Upselling is a great way to increase your profits as a freelancer–if it’s done right. Upselling means selling additional products and services to your existing clients or convincing them to upgrade their current purchase to a more expensive purchase.
If a fast food clerk has ever asked you if you “want fries with that,” then you’ve experienced an upsell. Upselling is common for both service-based and retail businesses and it can help freelancers too.
Smart freelancers use upselling to increase their income without annoying their clients. In fact, if it’s done right, upselling can actually strengthen your relationship with your client.
In this post, we’ll list eight bad upselling practices to avoid and then we’ll explain how to do it right.
8 Obnoxious Upselling Practices to Avoid
Nothing is more annoying to a client than a badly done upsell. You’ve probably been on the receiving end of badly done upsells yourself, so you know how annoying it can be.
Here are some bad upsell practices to avoid:
- Using a canned script. Reciting a canned script is the lazy way to sell and it rarely works. Instead, talk directly to the client in way that is relevant to him or her. Understand your upsell products and services well enough so that you can answer questions, but don’t give a memorized spiel.
- Not understanding the client’s needs. You wouldn’t try to push a web redesign on a client who just redid their website, would you? Clients hate it when you try to push products they don’t want or need.
- Being too pushy. Instead of trying to push the client into buying, use the informative approach. Explain how the product or service will benefit the client and then let them make the decision.
- Not showing respect for the client. Too many freelancers treat their clients like an ATM machine, but your client is not just a way for you to earn some cash–they are also a person. Treat them as such.
- Offering the same exact upsell to every client. Your client is unique. They have unique needs and wants. Yet, many freelancers try to upsell using the “one size fits all” philosophy.
- Upselling to dissatisfied client. This seems obvious, but it needs to be said. If your client is unhappy, this is not the time to attempt an upsell. Instead, work on improving their client satisfaction.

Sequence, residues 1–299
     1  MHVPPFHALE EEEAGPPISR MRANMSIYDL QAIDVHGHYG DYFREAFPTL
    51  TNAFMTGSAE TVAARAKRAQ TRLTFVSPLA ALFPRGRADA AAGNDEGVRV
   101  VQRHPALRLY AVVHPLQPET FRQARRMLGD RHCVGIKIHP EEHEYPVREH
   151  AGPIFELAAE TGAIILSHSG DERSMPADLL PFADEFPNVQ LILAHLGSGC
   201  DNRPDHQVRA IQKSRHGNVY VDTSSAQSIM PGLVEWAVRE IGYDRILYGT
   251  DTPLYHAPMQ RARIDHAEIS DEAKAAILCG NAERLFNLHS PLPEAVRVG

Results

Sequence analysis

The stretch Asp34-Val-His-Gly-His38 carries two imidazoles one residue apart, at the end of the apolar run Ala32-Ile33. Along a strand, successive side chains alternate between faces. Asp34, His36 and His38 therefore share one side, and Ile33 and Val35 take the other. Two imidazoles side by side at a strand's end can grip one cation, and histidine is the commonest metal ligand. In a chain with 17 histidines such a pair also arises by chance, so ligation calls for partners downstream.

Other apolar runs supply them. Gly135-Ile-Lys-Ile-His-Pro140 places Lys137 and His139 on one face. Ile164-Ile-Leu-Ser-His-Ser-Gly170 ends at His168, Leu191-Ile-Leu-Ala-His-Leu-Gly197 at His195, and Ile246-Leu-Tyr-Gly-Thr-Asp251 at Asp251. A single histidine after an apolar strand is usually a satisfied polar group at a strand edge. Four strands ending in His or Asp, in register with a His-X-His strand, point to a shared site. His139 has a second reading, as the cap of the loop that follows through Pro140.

- Offering something with little value. Your main service may be a great value–but if you follow it up by pushing junk on the client, then the junk is what they’ll remember. Make sure that your upsell adds real value for the client.
- Using high-pressure sales techniques. Don’t make tight time-sensitive offers like “you must purchase today to get this discount price.” Instead, allow your client enough time to consider and really buy into the idea of the additional purchase.
You don’t have to be obnoxious to be successful at sales. Upselling should increase your client’s satisfaction and build loyalty, not tear it down.
So how can you upsell without annoying your clients?
Upselling Can Strengthen Your Relationships
If your upselling is done with sensitivity and with the client’s best interests in mind, upselling can actually strengthen the freelancer client/relationship. Here’s how to do it:
- Meet a real need. Examine the client’s business needs carefully and take note of any gaps. If you can offer a product or service that fits that gap, there’s your opportunity. But remember, you still need to explain how the product or service can help your client.
- Show respect. Be sensitive to your client’s feelings. Your client may not have realized the problem that you’re pointing out, or they may already know about it and be unable address it at this time. Either way, listen to their position and be courteous.
- Be honest. Don’t try to fill a gap with a product or service that won’t really help your client just because that product or service is easy for you to add.
- Put the client relationship first. The client relationship is the key to your getting continuing business. If the client isn’t ready for another product or service, be patient and understanding.
My Unpleasant Experience with Upselling
I wanted to scream “no” when the caller started out with “you’ve been using our service for three years now, how about adding one of our additional services?”
After all, this was the fourth call this week from this particular company and each time I’d explained to the caller that we didn’t want the additional services. Yet, sales reps from the company still keep calling.
At this point, we are so annoyed with the company that we will probably cancel the orginal service. Their pushy upselling may mean they lose a client.
My own experience is a prime example of how not to upsell. The callers refuse to respect our wishes and persist in pressuring us to buy even when we’ve told them we’re not interested.
Is upselling part of your freelancing business? What types of upsells do you offer?